The spread of social media and smartphones throughout the Middle East has created a truly enormous amount of publicly available documentation of conflicts in the region. Whether in the form of videos or photos, from combat footage to potential war crimes — a lot of things are routinely documented and uploaded to various sites like Facebook, Twitter, and YouTube.
These photos and videos present a double-edged sword to journalists, analysts, and others researching these conflicts.
On one hand, primary source footage and photos can allow journalists to uncover war crimes and other human rights abuses.
On the other hand, however, misattributed photos and videos can be used as a form of disinformation or misinformation to manipulate audiences into false conclusions.
For example, a video of detainees being tortured was posted on Twitter, with the poster claiming that the video depicted pro-government forces torturing a civilian in Eastern Ghouta, Syria. As pro-government forces have tortured prisoners across the country on multiple occasions, new footage of torture by pro-government forces would not be unusual.
However, on a closer glance certain aspects of the video seem off. For one, the prisoner and the captors appear to be communicating in Urdu, a South Asian language that isn’t commonly spoken in Syria. If the prisoner was indeed Syrian, he would not be speaking in Urdu. Using this clue, Dirar Khatab, a journalist with Verify-Sy — a non-profit that verifies video and footage from the Syrian conflict — determined that the video did not take place in Syria, by finding that the same video had been uploaded over a year ago, possibly from Pakistan.
With this context in mind, journalists, analysts, and researchers need to find ways to verify whether the footage or photos they are viewing are accurately described by the accompanying title and description. Bellingcat has an extensive list of guides and tools that can be used to verify open-source information.
This guide will specifically cover how one can determine what side a combatant belongs to in photos or videos from Middle Eastern conflicts, a key step in verifying the authenticity of videos and photos from conflict zones in the region.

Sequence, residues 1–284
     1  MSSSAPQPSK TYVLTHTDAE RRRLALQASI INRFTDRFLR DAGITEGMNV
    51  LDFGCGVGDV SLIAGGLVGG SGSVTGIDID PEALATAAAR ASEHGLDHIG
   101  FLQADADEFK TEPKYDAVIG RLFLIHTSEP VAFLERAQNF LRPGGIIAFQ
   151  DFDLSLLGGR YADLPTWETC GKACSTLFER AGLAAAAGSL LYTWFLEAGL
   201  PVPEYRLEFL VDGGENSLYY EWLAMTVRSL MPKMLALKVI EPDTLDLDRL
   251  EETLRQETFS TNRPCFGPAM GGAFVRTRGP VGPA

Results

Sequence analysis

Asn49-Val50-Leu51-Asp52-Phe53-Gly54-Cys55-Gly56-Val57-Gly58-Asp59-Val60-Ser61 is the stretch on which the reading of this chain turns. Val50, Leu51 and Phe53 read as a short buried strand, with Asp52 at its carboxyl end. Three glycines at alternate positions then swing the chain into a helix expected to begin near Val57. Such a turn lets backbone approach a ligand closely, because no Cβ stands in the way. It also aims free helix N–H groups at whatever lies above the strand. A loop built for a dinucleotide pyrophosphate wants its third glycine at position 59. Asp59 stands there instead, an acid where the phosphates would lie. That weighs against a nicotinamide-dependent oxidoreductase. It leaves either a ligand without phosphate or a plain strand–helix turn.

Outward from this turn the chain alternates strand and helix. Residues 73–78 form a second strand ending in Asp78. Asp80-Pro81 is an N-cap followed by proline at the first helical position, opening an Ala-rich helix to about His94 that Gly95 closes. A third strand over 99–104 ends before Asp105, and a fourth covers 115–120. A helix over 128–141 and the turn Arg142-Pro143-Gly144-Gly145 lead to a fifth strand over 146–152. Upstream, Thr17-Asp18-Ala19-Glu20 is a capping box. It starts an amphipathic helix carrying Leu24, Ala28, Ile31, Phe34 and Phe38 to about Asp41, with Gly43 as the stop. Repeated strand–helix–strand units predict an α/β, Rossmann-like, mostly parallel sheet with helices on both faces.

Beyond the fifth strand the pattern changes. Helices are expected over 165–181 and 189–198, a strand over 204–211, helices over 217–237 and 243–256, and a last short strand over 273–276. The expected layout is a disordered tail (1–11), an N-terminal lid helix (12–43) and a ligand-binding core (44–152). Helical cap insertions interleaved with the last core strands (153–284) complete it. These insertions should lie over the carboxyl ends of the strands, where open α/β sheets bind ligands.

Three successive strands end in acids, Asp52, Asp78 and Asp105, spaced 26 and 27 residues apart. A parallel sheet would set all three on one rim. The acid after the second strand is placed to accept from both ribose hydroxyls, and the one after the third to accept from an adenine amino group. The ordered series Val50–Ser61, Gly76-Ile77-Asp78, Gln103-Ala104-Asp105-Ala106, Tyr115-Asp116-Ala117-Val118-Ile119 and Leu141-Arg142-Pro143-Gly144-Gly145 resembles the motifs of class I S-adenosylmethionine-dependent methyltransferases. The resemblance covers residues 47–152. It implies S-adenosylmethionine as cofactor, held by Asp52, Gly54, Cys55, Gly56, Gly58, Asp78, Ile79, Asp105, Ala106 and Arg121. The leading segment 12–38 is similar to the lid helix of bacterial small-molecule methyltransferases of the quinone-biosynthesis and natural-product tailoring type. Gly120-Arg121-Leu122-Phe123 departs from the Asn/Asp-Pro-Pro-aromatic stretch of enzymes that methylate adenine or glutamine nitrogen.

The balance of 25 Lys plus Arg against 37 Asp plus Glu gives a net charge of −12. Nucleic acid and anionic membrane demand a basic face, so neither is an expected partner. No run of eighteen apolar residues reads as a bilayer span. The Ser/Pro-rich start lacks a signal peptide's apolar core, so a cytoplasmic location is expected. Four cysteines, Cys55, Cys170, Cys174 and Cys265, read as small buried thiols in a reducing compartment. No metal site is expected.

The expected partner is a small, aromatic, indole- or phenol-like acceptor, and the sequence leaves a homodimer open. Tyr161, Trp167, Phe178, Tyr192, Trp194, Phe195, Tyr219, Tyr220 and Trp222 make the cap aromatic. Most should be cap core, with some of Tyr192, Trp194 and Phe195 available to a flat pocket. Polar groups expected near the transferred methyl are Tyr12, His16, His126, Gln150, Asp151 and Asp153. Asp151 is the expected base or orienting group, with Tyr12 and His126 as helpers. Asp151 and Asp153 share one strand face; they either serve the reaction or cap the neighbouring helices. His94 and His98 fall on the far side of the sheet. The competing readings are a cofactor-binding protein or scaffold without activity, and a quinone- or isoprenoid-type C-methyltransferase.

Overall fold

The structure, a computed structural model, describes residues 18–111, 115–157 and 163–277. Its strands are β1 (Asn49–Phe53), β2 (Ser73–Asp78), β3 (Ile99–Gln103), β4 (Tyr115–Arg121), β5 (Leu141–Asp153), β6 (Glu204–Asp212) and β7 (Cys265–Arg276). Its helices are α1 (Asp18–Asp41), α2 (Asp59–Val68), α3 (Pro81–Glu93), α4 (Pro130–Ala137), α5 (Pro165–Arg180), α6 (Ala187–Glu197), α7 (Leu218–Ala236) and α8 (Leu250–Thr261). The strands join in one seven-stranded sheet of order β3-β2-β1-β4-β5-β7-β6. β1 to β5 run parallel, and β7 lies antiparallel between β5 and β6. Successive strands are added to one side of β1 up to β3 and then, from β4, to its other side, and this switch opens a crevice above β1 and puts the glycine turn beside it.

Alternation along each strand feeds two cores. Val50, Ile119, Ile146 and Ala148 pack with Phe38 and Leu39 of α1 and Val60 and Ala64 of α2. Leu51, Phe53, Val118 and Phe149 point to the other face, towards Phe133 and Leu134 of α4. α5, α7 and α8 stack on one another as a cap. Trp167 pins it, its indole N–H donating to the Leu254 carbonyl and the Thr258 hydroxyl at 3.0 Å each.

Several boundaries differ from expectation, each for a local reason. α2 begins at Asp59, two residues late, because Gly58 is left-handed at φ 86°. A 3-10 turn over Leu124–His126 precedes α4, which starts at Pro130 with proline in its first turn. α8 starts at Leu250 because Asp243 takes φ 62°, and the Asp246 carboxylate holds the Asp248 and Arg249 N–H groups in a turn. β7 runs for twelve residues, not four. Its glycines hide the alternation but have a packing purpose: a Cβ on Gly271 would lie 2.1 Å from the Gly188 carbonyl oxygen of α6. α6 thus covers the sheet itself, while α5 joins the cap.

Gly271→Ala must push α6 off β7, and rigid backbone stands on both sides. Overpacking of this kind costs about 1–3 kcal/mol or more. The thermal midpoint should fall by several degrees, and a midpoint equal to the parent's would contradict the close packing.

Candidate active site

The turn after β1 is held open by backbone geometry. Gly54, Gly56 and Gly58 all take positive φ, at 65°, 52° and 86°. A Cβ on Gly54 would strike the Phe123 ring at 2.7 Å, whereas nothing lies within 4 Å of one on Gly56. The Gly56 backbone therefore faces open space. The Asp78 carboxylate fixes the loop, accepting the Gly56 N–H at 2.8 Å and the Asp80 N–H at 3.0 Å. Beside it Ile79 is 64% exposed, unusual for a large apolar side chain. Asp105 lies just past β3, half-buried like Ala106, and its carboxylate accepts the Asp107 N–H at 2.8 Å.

Military uniforms can provide clues about who a combatant is and what group they are affiliated with. For example, camouflage patterns on military uniforms are often affiliated with a particular country, military force or even non-state actor.
In this example of a group of pro-government forces in Syria, the combatant on the far right is wearing a different type of camouflage from the rest of the combatants. You can easily identify his uniform by going to Camopedia, an open-source database of camouflage patterns across the world. By going through the database, you can see that the combatant’s uniform appears to roughly match an Islamic Revolutionary Guard Corps (IRGC) Basij pattern from Iran. This could indicate that the combatant has some sort of affiliation or connection to IRGC Basij forces.
In addition to Camopedia, the Index of Camouflage Patterns of the World can be a helpful resource in identifying uniforms. The index, however, does not include example pictures. Nonetheless, it may be helpful in identifying more obscure camouflage patterns not listed on Camopedia. It is important to note that a uniform alone is not always enough to determine the affiliation of a combatant, especially given the proliferation of camouflage uniforms on the black market. Other pieces of evidence often need to be used alongside the uniform to identify a combatant’s affiliation.
Patches and Insignia
Military patches and insignia denoting rank or unit affiliation are a great way to verify or identify a combatant’s affiliation. The most obvious first step would be to Google any words or phrases found on the insignia. (In case you do not read Arabic but want to decipher a patch or insignia with Arabic inscription, Bellingcat has a guide for specifically that.) Insignia without writing can often be identified by searching through the International Encyclopedia of Uniform Insignia. Wikipedia’s List of Comparative Military Ranks can also be quite useful in identifying insignia.